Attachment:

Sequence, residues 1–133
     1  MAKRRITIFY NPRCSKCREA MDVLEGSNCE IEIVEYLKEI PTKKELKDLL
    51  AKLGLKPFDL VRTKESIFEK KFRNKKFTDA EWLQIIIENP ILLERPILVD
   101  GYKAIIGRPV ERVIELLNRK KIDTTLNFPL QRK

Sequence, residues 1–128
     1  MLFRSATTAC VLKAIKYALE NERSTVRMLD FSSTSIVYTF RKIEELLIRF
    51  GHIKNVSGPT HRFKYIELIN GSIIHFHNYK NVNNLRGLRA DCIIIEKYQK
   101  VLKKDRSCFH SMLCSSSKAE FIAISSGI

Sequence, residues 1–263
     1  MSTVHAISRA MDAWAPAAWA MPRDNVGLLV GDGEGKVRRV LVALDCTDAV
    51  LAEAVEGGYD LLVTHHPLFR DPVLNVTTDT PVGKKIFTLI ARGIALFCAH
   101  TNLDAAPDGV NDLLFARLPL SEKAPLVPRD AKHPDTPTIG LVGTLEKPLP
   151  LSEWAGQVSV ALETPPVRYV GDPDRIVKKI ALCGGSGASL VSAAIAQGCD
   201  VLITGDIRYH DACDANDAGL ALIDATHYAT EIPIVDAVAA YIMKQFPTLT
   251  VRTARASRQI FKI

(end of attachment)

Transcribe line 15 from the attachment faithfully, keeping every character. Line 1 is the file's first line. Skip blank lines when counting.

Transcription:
   251  VRTARASRQI FKI